log /dev/log    local0
log /dev/log    local1 notice
chroot /var/lib/haproxy
stats socket /run/haproxy/admin.sock mode 660 level admin
stats timeout 30s
user haproxy
group haproxy

# Default SSL material locations
ca-base /etc/ssl/certs
crt-base /etc/ssl/private

# Default ciphers to use on SSL-enabled listening sockets.
# For more information, see ciphers(1SSL). This list is from:
#  https://hynek.me/articles/hardening-your-web-servers-ssl-ciphers/
ssl-default-bind-options no-sslv3

log global
mode    http
option  httplog
option  dontlognull
    timeout connect 5000
    timeout client  50000
    timeout server  50000
    option redispatch
   errorfile 400 /etc/haproxy/errors/400.http
   errorfile 403 /etc/haproxy/errors/403.http
    errorfile 408 /etc/haproxy/errors/408.http
    errorfile 500 /etc/haproxy/errors/500.http
    errorfile 502 /etc/haproxy/errors/502.http
errorfile 503 /etc/haproxy/errors/503.http
errorfile 504 /etc/haproxy/errors/504.http

# Back-end definition.

listen appname testingcart.co.uk:80
    mode http
    stats enable
    stats uri /haproxy?stats
    balance source
    option httpclose
    option forwardfor

    cookie PHPSESSID prefix
    cookie SERVERID insert indirect nocache

    server web1 ip.address1:80 check cookie s2
    server web2 ip.address3:80 check cookie s3
        server web3 ip.address2:80 check cookie s4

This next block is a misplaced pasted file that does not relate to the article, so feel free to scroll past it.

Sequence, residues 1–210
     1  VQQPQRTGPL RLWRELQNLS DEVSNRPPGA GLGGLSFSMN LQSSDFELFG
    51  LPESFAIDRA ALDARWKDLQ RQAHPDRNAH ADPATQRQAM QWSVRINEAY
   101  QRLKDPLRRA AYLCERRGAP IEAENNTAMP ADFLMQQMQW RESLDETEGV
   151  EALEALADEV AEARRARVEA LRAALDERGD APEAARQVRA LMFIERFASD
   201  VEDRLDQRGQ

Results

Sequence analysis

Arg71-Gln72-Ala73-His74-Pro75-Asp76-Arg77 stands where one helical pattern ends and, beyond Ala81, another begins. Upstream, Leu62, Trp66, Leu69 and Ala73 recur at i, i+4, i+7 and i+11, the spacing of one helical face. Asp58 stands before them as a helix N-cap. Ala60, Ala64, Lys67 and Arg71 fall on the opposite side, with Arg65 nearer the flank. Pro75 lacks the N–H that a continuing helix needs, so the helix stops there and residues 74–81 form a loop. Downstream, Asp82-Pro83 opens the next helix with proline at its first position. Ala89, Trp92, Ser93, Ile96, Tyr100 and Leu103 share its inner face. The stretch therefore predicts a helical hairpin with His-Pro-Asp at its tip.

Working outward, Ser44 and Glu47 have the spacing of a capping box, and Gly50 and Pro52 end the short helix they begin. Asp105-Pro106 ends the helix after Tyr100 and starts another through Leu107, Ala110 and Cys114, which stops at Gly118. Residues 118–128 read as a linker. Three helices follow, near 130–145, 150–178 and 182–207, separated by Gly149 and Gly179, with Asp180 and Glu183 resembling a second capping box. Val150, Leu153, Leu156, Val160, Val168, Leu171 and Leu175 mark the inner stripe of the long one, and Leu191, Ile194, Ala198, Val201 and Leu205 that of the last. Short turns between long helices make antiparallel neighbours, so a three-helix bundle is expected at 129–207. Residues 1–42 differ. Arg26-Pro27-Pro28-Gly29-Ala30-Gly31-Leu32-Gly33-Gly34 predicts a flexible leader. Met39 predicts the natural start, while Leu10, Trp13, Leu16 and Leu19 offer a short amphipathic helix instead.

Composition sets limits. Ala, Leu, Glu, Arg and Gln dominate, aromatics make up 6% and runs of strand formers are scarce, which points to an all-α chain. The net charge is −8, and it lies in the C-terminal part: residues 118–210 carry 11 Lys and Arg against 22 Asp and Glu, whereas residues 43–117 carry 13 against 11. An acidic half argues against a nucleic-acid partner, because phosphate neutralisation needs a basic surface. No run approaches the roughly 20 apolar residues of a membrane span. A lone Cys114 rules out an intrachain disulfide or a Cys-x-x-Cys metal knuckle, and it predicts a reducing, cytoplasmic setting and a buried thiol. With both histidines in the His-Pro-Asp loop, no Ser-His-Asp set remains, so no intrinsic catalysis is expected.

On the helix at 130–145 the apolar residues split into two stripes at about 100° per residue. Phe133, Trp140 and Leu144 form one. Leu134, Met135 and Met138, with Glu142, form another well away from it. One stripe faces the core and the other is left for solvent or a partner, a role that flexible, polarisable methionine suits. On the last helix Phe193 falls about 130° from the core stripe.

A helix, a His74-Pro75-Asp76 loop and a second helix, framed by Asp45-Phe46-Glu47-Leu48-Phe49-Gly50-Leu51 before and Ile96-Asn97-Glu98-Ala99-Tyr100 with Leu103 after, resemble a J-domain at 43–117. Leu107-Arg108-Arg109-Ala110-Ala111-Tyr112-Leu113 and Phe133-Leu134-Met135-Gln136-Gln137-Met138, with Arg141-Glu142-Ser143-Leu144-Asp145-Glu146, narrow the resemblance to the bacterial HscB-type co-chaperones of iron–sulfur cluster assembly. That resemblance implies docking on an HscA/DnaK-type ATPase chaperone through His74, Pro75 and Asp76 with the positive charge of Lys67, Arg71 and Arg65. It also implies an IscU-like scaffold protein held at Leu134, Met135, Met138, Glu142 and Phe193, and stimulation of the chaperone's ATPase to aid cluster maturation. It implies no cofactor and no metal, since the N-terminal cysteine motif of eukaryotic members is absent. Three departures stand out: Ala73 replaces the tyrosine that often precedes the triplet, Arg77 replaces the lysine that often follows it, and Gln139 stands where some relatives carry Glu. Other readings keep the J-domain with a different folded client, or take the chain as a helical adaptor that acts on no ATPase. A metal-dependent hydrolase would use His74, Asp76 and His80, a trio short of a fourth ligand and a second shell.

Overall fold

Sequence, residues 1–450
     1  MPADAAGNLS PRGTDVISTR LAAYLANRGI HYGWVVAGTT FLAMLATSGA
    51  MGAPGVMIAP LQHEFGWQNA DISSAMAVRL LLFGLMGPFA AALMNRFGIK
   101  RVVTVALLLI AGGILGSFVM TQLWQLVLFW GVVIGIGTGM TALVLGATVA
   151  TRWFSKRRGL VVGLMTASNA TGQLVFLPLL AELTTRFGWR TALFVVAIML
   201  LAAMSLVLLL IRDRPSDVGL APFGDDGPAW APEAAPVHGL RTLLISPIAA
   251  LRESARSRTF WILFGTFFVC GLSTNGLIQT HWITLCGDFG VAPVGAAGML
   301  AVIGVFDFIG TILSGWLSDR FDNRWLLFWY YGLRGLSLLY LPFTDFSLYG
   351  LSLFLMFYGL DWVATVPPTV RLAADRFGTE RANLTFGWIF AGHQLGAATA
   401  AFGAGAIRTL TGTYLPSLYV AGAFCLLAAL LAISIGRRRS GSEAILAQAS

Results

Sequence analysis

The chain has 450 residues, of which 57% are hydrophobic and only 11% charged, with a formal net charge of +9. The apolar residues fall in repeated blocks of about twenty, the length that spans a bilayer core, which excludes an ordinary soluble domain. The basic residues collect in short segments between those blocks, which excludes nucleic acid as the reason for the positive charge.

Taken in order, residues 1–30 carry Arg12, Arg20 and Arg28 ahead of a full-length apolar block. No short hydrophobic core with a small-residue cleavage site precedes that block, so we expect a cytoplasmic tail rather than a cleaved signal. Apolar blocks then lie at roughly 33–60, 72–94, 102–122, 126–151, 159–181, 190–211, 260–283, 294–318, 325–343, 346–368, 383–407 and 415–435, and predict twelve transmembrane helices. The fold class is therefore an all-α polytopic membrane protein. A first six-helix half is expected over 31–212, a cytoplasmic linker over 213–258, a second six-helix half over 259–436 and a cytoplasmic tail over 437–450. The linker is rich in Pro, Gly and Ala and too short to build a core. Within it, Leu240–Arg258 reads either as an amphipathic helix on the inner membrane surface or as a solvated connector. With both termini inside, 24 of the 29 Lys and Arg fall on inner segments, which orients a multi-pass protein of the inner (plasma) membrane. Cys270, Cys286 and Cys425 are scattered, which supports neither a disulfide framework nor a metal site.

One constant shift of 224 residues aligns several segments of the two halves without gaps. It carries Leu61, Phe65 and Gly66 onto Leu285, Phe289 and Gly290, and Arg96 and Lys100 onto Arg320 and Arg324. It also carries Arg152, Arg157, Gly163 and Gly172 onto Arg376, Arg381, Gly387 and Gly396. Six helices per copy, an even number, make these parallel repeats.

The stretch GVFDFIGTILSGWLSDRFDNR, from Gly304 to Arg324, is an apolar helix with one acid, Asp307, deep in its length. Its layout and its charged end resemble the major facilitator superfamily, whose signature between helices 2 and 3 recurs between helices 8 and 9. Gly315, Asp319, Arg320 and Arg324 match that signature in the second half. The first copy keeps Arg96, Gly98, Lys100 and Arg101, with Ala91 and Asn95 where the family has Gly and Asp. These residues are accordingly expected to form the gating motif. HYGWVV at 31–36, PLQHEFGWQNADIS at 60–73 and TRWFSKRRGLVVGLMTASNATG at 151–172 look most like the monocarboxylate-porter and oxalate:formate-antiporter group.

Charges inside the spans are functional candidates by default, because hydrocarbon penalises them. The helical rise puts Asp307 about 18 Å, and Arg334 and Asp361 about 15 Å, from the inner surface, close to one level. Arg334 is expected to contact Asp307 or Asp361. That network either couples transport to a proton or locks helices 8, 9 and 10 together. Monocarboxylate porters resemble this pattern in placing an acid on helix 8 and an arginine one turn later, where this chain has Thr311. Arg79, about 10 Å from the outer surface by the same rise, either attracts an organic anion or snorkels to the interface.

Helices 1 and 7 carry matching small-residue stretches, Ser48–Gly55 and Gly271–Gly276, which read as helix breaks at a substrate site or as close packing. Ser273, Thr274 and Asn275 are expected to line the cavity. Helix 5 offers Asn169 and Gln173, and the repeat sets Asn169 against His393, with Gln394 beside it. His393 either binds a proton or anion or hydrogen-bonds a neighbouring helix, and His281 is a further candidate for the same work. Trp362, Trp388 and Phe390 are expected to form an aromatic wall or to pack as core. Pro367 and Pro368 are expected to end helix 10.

Suppose this is my initial configuration. I heard by default HAProxy does not cache contents. How do I enable it without using Varnish.

  • 1
    I'm voting to close this question as off-topic because just because all you have is a hammer, does not make everything a nail.
    – womble
    Jun 1, 2016 at 2:47

1 Answer 1


don't use the wrong tool

is a wonderful tool. It does not provide caching. A quick scan of the fine docs can verify this. Unless you want to patch haproxy you need to use a tool that does what you're looking to do.

don't create impossible problems

By asking for haproxy to do something that it doesn't and excluding the tool that seems to do what you want to do you've create an impossible situation. There is no technical solution for this. Don't make choices that box you into a corner.

try varnish or anything that actually caches

If you get over that you might find this tutorial on using varnish with haproxy useful or try varnish by itself. Maybe squid or memcached would be more your speed.


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